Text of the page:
The best is yet to come…

In this chapter of Hosea, we’ve seen two things: That an unfaithful wife was bought back at great cost, and that her husband would help her to be someone who would love him fully again. Does this story sound familiar?

“You see, at just the right time, when we were still powerless, Christ died for the ungodly… God demonstrates his own love for us in this: While we were still sinners, Christ died for us.”

That’s Romans 5:6&8.

“At one time we too were foolish, disobedient, deceived and enslaved by all kinds of passions and pleasures… But when the kindness and love of God our Saviour appeared, he saved us, not because of the righteous things we had done, but because of his mercy. He saved us through the washing of rebirth and renewal by the Holy Spirit, whom he poured out on us generously through Jesus Christ our Saviour, so that, having been justified by his grace, we might become heirs having the hope of eternal life.”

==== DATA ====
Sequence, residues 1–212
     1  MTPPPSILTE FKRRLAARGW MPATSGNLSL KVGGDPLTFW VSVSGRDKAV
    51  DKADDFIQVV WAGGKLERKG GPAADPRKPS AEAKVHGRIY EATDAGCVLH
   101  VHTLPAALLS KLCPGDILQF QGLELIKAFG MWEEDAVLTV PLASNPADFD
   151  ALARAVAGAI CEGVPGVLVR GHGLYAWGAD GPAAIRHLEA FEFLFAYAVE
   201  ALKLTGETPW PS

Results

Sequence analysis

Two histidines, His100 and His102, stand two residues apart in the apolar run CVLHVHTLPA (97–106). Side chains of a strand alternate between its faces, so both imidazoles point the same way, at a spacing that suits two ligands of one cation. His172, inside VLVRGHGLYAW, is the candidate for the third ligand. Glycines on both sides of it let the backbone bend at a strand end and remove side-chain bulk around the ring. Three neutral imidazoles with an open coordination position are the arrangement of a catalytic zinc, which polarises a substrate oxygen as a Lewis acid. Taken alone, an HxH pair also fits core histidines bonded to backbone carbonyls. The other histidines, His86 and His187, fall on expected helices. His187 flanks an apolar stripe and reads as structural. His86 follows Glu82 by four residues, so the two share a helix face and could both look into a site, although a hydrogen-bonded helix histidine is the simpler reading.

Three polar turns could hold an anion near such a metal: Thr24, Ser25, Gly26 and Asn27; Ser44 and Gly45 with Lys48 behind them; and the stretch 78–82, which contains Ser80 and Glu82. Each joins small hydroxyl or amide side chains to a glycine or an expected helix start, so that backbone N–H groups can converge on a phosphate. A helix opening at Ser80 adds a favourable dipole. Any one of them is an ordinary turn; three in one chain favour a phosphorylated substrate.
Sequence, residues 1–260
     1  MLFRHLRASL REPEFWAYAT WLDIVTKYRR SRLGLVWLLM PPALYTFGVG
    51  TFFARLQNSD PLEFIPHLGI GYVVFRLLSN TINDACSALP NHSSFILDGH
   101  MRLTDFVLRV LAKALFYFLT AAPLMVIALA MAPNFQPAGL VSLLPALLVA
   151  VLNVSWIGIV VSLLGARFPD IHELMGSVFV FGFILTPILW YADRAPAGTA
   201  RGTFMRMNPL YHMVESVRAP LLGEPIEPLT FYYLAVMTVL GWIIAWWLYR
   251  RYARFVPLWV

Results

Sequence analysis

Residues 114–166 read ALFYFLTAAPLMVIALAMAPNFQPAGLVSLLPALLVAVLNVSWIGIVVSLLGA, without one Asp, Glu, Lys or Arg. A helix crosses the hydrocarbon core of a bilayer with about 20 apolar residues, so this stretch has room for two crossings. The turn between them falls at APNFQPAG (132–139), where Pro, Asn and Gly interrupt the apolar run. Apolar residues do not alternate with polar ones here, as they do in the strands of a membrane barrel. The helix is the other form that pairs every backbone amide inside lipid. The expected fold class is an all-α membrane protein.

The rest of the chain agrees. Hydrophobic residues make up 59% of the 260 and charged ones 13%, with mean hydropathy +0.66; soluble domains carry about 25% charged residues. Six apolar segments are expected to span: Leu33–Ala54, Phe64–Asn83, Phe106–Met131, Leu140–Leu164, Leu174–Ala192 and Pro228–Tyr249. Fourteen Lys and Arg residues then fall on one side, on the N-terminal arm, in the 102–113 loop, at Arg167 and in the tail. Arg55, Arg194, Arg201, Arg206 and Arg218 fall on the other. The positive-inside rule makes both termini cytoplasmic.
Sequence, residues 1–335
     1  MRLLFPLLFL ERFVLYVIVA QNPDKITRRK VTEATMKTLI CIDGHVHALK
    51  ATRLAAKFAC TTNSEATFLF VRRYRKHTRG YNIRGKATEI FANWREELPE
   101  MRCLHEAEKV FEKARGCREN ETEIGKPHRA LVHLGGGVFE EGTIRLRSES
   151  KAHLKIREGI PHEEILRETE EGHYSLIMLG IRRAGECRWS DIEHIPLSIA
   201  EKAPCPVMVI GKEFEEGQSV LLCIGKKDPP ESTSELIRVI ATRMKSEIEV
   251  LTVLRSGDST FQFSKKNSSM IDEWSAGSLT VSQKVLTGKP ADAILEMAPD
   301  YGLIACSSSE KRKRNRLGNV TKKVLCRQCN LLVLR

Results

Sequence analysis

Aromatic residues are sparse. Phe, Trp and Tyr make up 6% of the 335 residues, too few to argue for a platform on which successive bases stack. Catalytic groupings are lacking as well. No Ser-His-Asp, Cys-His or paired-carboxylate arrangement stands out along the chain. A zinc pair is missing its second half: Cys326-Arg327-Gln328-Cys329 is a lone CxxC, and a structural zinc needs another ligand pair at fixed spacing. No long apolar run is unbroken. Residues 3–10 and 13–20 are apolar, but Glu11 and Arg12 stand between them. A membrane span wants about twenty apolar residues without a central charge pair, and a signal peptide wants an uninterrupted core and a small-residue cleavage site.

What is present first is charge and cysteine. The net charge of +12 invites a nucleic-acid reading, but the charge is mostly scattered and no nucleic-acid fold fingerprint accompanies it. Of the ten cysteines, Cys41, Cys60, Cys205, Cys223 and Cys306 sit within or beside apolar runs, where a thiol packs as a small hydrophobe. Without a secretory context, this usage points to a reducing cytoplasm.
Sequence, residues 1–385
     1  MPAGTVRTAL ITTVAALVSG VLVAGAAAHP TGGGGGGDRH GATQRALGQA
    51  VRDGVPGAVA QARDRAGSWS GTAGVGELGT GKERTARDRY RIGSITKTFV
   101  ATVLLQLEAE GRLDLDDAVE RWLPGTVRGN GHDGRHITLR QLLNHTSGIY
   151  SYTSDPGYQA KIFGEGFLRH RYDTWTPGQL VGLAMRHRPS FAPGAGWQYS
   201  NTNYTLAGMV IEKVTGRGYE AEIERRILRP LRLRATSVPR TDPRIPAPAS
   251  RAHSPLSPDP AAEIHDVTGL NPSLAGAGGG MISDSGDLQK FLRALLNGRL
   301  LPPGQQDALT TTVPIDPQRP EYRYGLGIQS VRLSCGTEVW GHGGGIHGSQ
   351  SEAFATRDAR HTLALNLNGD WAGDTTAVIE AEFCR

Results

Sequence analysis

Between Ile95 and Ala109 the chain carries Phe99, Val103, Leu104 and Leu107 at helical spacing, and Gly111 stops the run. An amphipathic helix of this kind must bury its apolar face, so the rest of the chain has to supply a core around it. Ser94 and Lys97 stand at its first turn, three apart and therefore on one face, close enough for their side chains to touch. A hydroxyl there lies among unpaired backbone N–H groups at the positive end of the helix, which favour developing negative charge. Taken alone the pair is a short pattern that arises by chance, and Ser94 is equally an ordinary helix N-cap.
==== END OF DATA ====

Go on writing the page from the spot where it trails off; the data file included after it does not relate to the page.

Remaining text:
That’s Titus 3:3-7.

You see, in verse 5 Hosea when talks about “the last days” he isn’t just looking for a time when Israel would be restored. No, he is talking about something beyond the Old Testament, looking forward to a time when God would fully restore His relationship with His people. He was looking forward to the time when God would buy an unfaithful people from a master that would drive them to death, paying a great cost, and making them His own people. A people who love and desire Him greatly.